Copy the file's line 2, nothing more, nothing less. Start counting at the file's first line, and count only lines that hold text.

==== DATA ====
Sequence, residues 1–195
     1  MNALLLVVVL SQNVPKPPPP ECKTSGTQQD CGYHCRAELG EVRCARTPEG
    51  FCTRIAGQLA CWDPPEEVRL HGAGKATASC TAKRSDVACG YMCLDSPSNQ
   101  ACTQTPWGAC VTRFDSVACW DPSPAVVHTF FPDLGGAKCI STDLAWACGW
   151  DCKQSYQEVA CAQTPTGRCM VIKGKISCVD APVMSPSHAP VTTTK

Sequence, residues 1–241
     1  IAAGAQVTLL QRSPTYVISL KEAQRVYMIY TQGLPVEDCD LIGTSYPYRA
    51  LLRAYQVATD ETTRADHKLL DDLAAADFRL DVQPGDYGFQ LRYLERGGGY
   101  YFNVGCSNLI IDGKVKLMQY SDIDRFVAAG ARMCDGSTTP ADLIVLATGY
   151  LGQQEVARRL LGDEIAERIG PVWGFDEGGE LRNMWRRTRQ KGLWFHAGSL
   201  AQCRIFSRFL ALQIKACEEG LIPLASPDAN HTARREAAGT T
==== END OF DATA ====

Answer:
     1  MNALLLVVVL SQNVPKPPPP ECKTSGTQQD CGYHCRAELG EVRCARTPEG